June 15, 2001
An Israeli army officer was killed by a Palestinian gunman today on the "Tunnel Road" at the southern entrance to Jerusalem, jeopardizing a fragile cease-fire that went into effect yesterday afternoon. Security sources believe the officer was deliberately targeted in a Palestinian hit. Police say the gunman approached the officerâ€™s yellow van, which was stopped at an area where Palestinian workers are picked up by Israeli employers for work in Israel. He shot the Israeli officer in the head and wounded his bodyguard. The bodyguard chased the gunman, and shot and killed him. According to an unconfirmed report by Palestinian officials, the gunman was a "collaborator" who unexpectedly turned on his Israeli handlers. The attack followed another roadside shooting last night near the community of Maâ€™ale Adumim east of Jerusalem, in which a Palestinian was killed in unclear circumstances. Israeli reporters received a message on their beepers in which a Jewish settler group called the "Shalhevet Gilad" brigades claimed responsibility for the attack. The group is named after two Israelis killed by Palestinian gunmen. However, the army now believes that Palestinians carried out the attack, believing it was an Israeli car.
The shootings were the most serious of many incidents that have shattered the cease-fire. The Israeli army says that in the Gaza Strip, at least one mortar shell was fired at a Jewish community, Palestinian gunmen fired on another settlement and an army outpost, and a rocket-propelled grenade was fired at another outpost. Nobody was hurt in any of the incidents. Despite the violence, the army has begun pulling back its forces as called for in the cease-fire plan. At the Netzarim junction, a major flashpoint in the Gaza Strip, Israeli tanks pulled back about 200 yards (meters). Palestinian youths responded by pelting military jeeps with stones. Soldiers threw stun grenades and fired tear gas to disperse the crowd; no injuries were reported.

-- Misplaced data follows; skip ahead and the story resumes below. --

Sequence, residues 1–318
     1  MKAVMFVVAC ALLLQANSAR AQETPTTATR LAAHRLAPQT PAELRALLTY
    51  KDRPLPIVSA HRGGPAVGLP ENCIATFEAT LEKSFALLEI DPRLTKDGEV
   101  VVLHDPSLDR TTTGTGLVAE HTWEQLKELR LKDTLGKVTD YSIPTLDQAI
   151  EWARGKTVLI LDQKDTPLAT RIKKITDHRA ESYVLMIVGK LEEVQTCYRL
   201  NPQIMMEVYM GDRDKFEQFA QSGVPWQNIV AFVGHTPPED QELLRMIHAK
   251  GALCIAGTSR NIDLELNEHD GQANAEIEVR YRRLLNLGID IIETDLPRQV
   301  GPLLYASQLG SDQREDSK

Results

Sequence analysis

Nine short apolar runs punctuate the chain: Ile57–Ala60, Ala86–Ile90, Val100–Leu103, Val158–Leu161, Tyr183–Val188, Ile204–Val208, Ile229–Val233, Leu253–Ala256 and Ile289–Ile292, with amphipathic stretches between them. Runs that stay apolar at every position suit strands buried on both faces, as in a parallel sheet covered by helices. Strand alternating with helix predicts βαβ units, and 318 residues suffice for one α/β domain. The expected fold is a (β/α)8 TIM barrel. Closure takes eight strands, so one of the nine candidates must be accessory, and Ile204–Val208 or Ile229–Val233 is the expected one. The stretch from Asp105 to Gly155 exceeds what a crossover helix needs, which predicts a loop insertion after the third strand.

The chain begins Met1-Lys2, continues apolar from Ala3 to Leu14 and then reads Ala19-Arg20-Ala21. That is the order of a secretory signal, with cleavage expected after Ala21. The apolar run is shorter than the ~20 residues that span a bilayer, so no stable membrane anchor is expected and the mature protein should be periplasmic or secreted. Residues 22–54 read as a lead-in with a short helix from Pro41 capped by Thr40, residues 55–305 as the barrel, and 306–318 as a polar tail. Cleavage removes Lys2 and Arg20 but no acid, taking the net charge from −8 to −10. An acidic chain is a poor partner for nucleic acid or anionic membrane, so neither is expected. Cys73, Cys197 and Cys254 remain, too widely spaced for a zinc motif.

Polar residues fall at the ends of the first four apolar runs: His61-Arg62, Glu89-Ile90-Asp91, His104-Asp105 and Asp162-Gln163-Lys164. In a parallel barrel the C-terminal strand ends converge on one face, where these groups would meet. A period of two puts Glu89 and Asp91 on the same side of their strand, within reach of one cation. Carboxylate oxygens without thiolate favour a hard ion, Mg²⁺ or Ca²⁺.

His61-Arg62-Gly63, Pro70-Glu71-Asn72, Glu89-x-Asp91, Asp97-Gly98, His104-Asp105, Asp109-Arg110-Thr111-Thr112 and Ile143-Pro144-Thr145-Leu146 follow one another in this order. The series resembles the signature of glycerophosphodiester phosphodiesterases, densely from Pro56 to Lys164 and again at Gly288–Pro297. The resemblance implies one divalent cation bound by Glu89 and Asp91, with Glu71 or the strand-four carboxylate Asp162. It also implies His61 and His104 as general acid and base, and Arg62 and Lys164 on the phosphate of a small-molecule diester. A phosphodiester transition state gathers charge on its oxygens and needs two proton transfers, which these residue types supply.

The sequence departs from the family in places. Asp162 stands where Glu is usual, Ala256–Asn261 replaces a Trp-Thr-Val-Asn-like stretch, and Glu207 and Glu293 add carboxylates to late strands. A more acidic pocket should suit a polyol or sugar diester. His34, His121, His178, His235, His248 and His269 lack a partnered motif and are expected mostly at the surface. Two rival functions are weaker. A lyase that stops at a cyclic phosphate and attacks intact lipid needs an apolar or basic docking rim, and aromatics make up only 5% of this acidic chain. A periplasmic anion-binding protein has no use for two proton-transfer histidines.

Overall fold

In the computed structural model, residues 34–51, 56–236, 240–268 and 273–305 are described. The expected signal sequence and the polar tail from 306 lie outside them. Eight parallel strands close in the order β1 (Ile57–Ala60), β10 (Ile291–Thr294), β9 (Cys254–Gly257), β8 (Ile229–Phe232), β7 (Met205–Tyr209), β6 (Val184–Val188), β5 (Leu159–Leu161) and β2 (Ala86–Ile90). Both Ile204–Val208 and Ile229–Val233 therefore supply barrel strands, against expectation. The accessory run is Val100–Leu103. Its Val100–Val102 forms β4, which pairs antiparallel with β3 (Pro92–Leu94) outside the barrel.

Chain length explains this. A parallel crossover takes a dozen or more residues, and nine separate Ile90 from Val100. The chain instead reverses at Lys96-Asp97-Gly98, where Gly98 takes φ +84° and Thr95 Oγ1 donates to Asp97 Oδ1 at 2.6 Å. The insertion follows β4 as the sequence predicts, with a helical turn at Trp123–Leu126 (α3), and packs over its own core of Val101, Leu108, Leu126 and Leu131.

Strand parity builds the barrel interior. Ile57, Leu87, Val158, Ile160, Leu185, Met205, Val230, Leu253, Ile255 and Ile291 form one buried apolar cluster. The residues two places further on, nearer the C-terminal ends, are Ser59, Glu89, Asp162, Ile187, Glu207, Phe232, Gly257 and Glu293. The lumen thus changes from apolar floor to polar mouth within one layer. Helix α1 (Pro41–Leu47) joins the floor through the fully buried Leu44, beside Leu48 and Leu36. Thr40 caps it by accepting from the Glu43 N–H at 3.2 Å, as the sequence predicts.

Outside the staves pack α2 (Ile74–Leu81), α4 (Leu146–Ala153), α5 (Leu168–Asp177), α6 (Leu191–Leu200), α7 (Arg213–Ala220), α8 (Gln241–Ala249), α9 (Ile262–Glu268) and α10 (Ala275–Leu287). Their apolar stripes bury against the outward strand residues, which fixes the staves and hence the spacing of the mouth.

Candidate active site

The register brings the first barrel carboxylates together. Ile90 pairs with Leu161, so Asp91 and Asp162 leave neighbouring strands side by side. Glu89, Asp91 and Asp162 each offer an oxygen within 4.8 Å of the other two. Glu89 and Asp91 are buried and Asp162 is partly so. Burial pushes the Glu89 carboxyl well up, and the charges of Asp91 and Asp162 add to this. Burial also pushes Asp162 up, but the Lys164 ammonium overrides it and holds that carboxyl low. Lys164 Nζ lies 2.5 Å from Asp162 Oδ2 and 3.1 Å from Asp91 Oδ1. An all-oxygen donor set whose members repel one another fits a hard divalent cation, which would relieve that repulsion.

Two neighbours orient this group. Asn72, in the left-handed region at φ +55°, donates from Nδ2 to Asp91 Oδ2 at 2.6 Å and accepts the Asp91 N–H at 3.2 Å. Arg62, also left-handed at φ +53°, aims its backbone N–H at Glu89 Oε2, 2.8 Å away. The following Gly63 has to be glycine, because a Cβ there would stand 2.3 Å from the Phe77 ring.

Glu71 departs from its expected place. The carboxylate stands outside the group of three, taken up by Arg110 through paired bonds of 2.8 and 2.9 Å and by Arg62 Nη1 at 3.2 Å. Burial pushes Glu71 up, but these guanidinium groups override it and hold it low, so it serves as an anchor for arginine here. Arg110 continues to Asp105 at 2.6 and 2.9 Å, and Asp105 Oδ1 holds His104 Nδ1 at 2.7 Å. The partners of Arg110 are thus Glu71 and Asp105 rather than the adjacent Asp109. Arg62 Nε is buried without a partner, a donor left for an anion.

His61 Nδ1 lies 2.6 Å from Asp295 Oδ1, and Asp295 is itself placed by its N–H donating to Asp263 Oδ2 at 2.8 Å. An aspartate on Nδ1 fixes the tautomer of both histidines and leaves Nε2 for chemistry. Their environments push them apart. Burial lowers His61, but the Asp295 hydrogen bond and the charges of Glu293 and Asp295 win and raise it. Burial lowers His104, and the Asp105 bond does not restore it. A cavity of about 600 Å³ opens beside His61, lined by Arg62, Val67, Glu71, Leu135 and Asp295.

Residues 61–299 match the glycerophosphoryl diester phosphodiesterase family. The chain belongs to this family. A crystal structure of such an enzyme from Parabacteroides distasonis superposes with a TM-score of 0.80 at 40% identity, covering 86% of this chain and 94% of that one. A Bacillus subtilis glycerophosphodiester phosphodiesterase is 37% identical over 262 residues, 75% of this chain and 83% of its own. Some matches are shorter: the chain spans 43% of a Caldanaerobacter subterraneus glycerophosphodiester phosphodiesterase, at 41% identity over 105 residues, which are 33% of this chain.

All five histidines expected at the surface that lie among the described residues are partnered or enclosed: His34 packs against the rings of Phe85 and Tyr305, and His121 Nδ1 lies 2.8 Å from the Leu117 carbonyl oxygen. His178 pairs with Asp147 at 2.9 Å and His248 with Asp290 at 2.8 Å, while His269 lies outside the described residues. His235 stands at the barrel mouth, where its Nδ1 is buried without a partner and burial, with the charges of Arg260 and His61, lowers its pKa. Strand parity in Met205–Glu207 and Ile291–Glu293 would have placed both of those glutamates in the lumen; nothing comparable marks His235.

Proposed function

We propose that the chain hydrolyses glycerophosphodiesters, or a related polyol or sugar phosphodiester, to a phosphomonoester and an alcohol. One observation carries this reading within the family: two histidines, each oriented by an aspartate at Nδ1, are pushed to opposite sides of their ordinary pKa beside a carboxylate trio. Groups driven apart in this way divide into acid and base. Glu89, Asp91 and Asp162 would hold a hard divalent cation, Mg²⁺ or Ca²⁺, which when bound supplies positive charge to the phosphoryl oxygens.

There was mixed reaction to the violence among Israeli officials. Defense Minister Binyamin Ben-Eliezer said it would take time for the Palestinians to restore calm on the ground, and Israel is adopting a wait and see attitude. But Dore Gold, an adviser to Prime Minister Ariel Sharon, expressed disgust. "This doesn't look like a cease-fire," he said. "It looks much more like a shooting gallery." For their part, the Palestinians are speaking in moderate terms for a change. Jibril Rajoub, the Palestinian Preventive Security chief in Judea and Samaria said Yasser Arafat has given orders to abide by the cease-fire. "This is definitely a positive step in the right direction and this has to encourage us all," Rajoub said, speaking in Hebrew on Israel's Army Radio. "We agree to stop the fire on every Israeli citizen, it doesn't matter who he is and it doesn't matter where he is." Senior Palestinian negotiator Saeb Erekat concurred. "We need to save human lives whether it's Israeli or Palestinian," Erekat told Israel Radio. "It could be a turning point and we can make it be a turning point. Let's concentrate our mutual efforts."
UN Secretary-General Kofi Annan met with Syrian President Bashar Assad today in Damascus, as he continues a tour of Arab capitals aimed at stopping nearly nine months of Mideast violence. Annan received a cool reception in Syria, which backs the Palestinian uprising and has criticized US and other mediation efforts for a truce. In an editorial today, the ruling Baath Party newspaper said the current US efforts aimed at "providing security for Israel, nothing more, nothing less." The paper said itâ€™s impossible for Israel to have security without "a true peace in the region in which everyone regains his rights." Annan, who has already been to Egypt, will travel to Jordan today and then to Lebanon. Heâ€™s due in Israel and the and the Palestinian territories over the weekend.